ALPHARETTA, Ga. — Alpharetta officials blasted state legislators for supporting a bill that would give utilities greater latitude in deploying fifth-generation wireless equipment in public right of way.
The pending legislation comes months after the city spent weeks and thousands of dollars in legal fees to draft an ordinance that would provide some protections against the industry’s installation of new 5G equipment. The fifth-generation technology rolling out across the country is expected to be 10 to 100 times faster than the current LTE network and will allow for the connection density to support billions of devices.
“[The legislation] basically shreds everything we did to protect our residents — and the right of way that they own,” a fuming Mayor Jim Gilvin said at the Jan. 18 City Council meeting. “I’m still baffled how the state has the gall to tell us what we should be doing with right of way that our residents pay for and maintain.”
As part of its effort to promote economic development in rural areas of the state, the 2019 Legislature is considering a number of bills that would smooth deployment of 5G wireless technology. Part of that legislation, specifically House Bill 184, provides the telecom industry with freer rein over where they can add the new equipment. That bill passed the House Feb. 14 by a vote of 170 to 1 and awaits action by the Senate.
Last fall, in an effort to protect itself in anticipation of the legislation, Alpharetta assigned a special attorney to study new federal guidelines on 5G deployment and to work with industry leaders to draw up new standards for placing equipment in the city’s public right of way.
Those standards, adopted by the City Council Nov. 12, allowed access to previously off-limits territory for the 5G deployment — street light or street light poles, for example. But the city was careful to prohibit adding equipment to pedestrian lights or any decorative poles. It also drew limits on the dimensions for boxes and the length of antennas.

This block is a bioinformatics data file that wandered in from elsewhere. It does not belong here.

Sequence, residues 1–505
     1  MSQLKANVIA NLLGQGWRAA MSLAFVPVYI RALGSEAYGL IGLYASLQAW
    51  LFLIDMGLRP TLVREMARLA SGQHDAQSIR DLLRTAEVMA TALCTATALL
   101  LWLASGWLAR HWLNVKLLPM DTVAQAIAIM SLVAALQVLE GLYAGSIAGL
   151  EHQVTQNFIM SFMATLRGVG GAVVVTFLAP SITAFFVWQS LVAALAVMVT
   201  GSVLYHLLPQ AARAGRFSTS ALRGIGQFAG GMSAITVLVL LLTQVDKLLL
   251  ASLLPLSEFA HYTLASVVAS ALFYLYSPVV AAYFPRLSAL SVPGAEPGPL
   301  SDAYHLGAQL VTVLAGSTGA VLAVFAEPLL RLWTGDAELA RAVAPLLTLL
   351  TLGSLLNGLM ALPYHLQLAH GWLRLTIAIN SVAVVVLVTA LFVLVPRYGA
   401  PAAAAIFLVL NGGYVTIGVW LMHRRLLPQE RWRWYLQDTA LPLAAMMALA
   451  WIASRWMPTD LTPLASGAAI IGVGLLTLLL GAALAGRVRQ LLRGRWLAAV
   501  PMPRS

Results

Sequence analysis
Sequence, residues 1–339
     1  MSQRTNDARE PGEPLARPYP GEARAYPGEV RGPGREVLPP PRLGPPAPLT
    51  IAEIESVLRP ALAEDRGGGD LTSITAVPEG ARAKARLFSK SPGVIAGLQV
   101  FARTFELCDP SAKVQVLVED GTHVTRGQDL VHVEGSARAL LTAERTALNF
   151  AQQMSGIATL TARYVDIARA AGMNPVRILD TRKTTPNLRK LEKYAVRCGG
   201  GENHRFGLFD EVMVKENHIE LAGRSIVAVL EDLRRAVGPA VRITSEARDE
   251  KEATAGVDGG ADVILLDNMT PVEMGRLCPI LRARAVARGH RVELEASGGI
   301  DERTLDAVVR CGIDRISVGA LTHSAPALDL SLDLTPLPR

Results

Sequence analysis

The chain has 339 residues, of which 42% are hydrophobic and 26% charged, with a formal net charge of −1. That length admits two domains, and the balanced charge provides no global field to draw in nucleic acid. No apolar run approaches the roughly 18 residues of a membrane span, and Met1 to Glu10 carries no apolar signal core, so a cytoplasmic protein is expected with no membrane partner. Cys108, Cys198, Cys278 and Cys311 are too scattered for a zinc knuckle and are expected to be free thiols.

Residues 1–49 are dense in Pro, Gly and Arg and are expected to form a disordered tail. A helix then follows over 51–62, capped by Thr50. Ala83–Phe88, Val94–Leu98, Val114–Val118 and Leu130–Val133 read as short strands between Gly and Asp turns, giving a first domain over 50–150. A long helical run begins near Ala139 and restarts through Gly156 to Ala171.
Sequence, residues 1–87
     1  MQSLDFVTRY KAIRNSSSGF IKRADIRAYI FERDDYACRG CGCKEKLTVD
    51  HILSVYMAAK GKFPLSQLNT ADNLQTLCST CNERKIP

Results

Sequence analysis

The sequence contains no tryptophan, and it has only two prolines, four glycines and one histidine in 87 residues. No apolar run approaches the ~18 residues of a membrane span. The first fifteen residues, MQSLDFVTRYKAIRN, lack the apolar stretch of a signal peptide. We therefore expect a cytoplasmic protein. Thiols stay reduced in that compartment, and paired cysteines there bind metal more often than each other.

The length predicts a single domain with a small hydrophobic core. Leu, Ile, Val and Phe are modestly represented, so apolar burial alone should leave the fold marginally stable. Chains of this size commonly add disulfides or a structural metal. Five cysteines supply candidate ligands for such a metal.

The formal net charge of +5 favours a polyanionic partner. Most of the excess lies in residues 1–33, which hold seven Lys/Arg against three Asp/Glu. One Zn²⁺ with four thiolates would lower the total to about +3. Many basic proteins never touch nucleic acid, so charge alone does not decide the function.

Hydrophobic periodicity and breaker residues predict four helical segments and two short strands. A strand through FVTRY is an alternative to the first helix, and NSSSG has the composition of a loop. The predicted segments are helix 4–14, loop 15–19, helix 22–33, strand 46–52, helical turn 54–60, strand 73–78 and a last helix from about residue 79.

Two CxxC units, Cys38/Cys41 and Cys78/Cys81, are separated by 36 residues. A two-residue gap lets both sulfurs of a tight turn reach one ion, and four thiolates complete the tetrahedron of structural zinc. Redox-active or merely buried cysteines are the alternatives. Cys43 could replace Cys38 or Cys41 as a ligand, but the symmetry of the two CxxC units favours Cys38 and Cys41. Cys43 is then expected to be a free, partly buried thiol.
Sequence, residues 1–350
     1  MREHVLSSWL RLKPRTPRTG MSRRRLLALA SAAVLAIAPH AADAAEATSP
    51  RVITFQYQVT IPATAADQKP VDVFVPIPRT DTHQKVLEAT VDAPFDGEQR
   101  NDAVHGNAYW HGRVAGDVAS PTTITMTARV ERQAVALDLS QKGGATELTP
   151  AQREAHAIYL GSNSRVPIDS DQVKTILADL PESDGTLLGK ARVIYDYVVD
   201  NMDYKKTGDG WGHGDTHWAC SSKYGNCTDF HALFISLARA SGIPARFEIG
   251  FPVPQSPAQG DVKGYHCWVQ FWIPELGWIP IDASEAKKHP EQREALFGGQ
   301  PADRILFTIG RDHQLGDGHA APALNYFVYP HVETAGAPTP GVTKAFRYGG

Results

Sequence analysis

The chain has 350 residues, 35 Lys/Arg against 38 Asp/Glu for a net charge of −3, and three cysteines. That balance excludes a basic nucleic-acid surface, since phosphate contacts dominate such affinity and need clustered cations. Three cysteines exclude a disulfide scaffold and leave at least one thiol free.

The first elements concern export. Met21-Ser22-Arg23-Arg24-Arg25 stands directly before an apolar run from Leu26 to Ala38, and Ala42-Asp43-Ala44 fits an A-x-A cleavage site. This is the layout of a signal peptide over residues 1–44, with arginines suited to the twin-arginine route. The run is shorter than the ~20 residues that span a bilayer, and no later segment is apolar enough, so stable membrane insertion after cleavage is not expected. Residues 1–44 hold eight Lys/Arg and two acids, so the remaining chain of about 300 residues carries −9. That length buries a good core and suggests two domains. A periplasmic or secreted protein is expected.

The city’s attorney on the issue, Scott Hastey said the House bill “pretty much” overrides everything the city adopted to protect itself.
“I’m very frustrated by this,” Gilvin said. “We asked our state representatives to represent our constituents’ best interests.”
The mayor added that rural areas should be given the opportunity to advance economic development through the 5G rollout. But, he said, cities like Alpharetta that have taken the initiative to craft their own guidelines to accommodate the industry should be exempted from the legislation.
Council criticism gets heated
Councilman Ben Burnett said he saw this coming.
“I know how the special interest lobby works,” he said. “I know how people down there get elected. Unless you’re running for elected office and you need the support of your locally elected official…the only time you see them is if they’re running for Congress or on the back of a milk carton.”
Councilman Donald Mitchell was less diplomatic.
“I’m looking at one of our state representatives (whom he did not name), last year alone, he received $700 from the Realtor PAC, $1,000 from the contractor PAC, the affordable housing PAC, $500, the building PAC, $500,” Mitchell said. “This is no longer a state legislature that cares about the citizens of our state more than they care for the lobbying groups.”